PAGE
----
Upload a Windows 2003 Hyper-V VHD to Azure (Part 2 of 2)

In part one of this two part blog post, I created a Hyper-V VHD disk from a Windows 2003 VMWare VM. Now I want to upload the VHD disk to Azure and create a VM there. I will run the Domino server on the VM and test connecting to it with a web browser and a Notes client.

Note: I provide an abundance of details with screenshots.

Log in to Azure

If you don’t already have PowerShell version 1.4 or above installed, read How to install and configure Azure PowerShell.

  1. Open Azure PowerShell and sign in to your Azure account. A pop-up window opens for you to enter your Azure account credentials.

Login-AzureRmAccount

  1. Get the subscription names for your available subscriptions.

Get-AzureRmSubscription | Sort-Object subscriptionName | Select-Object SubscriptionName

  1. Set the correct subscription using the subscription ID. Replace<subscriptionName> with the ID of the correct subscription.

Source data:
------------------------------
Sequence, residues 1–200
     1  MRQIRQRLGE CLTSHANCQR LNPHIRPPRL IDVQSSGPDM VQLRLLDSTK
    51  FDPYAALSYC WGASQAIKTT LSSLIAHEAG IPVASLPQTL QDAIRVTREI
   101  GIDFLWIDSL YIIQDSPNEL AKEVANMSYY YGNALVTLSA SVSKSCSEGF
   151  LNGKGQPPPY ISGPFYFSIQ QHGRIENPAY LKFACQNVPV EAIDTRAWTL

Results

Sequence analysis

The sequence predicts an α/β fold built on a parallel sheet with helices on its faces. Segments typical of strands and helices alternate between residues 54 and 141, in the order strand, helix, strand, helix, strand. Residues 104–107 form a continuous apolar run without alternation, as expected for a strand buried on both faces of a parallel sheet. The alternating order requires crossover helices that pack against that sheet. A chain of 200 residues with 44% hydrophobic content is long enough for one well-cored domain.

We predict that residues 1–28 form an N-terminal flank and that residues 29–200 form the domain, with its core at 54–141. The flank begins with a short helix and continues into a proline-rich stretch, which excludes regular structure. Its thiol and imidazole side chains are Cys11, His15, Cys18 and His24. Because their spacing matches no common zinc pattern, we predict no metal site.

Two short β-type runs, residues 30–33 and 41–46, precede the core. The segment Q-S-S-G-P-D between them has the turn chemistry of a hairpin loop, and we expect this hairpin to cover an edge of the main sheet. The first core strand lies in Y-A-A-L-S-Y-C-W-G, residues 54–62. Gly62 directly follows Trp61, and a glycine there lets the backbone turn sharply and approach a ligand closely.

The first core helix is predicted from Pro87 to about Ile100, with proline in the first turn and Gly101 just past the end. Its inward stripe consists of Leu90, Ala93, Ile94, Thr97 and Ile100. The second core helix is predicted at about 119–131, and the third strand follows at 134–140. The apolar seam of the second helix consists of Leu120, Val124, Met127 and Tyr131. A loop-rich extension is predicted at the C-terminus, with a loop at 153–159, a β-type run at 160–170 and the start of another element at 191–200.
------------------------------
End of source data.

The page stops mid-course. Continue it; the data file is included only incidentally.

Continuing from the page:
Select-AzureRmSubscription -SubscriptionName Pay-As-You-Go

AzureSubscription

Get the storage account

You need a storage account in Azure to store the uploaded VM image. You can either use an existing storage account or create a new one.

To show the available storage accounts, type:

Get-AzureRmStorageAccount

If you need to create a storage account, follow these two steps:

1. You need the name of the resource group where the storage account should be created. To find out all the resource groups that are in your subscription, type:

Get-AzureRmResourceGroup

To create a resource group named vmResourceGroup in the Central US region, type:

New-AzureRmResourceGroup -Name vmResourceGroup -Location “Central US” -Tag @{Name = ‘Created By’;Value = ‘Randy’}

AzureResourceGroup

2. Create a storage account named vmrhrstorageaccount in this resource group by using the New-AzureRmStorageAccount cmdlet:

New-AzureRmStorageAccount -ResourceGroupName vmResourceGroup -Name vmrhrstorageaccount -Location “Central US” -SkuName “Standard_LRS” -Kind “Storage”

Valid values for -SkuName are:

  1. Standard_LRS– Locally redundant storage.
  2. Standard_ZRS– Zone redundant storage.